The R in iPhone XR doesn’t stand for anything

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Pre-orders for the iPhone XR opened up locally last week Friday and despite being rather pricey (R15 999), as most Apple devices are, this smartphone looks to be relatively good value for money if the XS and XS Max is out of reach.

While we know pretty much all there is know about Apple’s latest premium mid-range smartphone, we still have no clue as to what the R in the iPhone XR name actually stands for.

We were hoping a recent Engadget interview with Apple’s senior VP for worldwide marketing, Phil Schiller, would yield an answer.

Sadly it did not, with Schiller noting that the naming conventions that the company picks are essentially made up and don’t have any real meaning.

That means the S-branded devices that Apple releases every other year do not have some cryptic or mysterious message behind them. The same goes for the recent R convention, with it just being a way to distinguish the XR from the XS series of devices.

That said the world of motoring and fast cars in particular may be the reason that Apple goes for such letters, at least according to Schiller.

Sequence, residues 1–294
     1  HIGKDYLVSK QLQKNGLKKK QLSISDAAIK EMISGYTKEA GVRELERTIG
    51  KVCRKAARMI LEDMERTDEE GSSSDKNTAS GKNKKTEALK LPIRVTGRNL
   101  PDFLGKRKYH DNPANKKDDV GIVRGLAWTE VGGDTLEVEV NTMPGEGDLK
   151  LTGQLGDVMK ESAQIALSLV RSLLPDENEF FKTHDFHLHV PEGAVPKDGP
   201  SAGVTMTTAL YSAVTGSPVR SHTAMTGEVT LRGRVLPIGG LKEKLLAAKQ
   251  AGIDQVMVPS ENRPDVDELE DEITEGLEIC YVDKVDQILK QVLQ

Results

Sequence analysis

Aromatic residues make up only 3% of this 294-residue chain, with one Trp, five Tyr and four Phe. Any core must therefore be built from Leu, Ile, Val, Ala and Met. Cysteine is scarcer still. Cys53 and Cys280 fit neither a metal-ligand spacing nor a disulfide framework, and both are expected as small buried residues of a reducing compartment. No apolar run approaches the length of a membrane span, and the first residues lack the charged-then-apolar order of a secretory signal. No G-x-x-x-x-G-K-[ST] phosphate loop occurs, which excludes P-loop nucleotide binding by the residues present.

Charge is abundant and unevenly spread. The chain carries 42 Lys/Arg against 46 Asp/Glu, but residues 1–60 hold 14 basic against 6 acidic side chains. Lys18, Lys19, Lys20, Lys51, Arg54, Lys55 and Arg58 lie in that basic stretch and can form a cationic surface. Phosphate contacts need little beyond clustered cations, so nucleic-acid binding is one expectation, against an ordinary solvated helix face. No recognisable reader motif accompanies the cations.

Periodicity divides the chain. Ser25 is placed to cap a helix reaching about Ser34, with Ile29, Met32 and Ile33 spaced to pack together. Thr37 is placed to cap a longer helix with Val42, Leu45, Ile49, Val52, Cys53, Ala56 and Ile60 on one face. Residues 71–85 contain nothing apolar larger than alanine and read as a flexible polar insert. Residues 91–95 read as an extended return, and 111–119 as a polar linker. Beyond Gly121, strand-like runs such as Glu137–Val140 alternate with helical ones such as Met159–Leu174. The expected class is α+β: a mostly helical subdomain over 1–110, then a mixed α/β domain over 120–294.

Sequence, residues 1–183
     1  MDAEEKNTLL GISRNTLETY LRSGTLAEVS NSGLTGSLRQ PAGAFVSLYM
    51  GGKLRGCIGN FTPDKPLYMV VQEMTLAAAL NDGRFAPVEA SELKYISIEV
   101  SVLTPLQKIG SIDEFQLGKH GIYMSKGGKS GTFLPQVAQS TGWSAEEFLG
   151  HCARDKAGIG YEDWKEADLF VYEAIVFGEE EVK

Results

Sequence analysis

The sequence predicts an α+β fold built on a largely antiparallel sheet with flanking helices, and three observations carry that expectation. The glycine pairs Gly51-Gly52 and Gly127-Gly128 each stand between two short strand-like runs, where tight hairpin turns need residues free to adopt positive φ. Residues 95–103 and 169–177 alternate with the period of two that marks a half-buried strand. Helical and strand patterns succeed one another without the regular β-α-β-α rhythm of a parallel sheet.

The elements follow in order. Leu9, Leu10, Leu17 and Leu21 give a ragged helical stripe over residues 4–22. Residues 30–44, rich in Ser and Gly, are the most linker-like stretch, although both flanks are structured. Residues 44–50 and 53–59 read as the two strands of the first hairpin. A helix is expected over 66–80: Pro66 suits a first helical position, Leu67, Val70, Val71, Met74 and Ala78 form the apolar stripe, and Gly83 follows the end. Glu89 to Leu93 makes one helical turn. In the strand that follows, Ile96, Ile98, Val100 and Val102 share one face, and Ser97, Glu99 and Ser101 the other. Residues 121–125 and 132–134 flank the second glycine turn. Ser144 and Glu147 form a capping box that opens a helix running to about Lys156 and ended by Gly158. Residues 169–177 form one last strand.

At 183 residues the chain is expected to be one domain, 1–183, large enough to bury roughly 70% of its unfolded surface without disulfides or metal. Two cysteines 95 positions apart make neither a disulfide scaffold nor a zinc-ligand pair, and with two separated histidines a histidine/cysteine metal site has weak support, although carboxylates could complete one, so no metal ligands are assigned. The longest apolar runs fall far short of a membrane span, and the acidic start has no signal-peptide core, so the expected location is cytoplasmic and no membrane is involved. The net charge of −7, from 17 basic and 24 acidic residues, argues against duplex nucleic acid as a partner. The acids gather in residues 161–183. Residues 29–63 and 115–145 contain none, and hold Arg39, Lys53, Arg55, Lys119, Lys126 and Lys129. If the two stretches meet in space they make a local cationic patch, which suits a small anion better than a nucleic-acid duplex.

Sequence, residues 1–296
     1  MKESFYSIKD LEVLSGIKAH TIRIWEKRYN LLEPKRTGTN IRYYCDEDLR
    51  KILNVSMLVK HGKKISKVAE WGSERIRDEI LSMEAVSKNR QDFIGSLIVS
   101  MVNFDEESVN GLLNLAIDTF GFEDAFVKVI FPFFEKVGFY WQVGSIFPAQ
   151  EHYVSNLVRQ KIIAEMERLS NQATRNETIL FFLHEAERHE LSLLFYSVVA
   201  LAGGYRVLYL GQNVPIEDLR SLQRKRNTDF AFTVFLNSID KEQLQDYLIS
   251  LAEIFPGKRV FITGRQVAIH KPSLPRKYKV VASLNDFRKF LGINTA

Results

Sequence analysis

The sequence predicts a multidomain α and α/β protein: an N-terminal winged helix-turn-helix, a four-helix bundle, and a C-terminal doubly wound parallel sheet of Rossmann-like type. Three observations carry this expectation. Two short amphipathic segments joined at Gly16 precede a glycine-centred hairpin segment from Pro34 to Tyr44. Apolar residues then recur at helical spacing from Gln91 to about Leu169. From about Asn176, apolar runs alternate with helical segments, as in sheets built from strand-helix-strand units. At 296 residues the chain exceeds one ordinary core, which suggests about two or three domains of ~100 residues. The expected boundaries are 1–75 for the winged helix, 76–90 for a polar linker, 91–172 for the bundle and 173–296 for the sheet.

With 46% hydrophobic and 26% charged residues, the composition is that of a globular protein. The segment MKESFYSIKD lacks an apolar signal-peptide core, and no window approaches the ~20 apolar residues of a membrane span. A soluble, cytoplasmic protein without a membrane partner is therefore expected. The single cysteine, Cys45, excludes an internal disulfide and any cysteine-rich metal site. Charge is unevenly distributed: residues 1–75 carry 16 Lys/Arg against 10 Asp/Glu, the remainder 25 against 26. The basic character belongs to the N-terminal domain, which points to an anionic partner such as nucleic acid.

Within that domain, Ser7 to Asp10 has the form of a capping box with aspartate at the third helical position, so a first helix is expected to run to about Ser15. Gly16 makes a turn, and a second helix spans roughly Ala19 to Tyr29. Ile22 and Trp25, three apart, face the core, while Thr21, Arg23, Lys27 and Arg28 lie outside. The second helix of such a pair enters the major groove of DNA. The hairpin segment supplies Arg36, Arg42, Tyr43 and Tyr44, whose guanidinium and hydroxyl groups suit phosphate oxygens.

“I love cars and things that go fast, and R and S are both letters used to denote sport cars that are really extra special,” Schiller explains.

If that’s true, Apple aren’t the only company fond of using cars as inspiration for smartphone names, with Huawei also doing it for the Porsche Design models.

The Chinese company even went one step further, adding racing stripes, and a headlight-inspired housing for its triple camera system on the new Mate 20 Pro.

If you’re really wanting the letters to stand for something, Schiller provided his take. “The S simply stands for speed, because this is the most powerful, fastest iPhone we’ve ever made,” says the senior VP.

While that explains the S, we’re still in the dark about the R.

Using our own creative license, we’re going to say it stands for regular.

Robin-Leigh Chetty

Robin-Leigh Chetty

When he's not reviewing the latest smartphones, Robin-Leigh is writing about everything tech-related from IoT and smart cities, to 5G and cloud computing. He's also a keen photographer and dabbles in console games.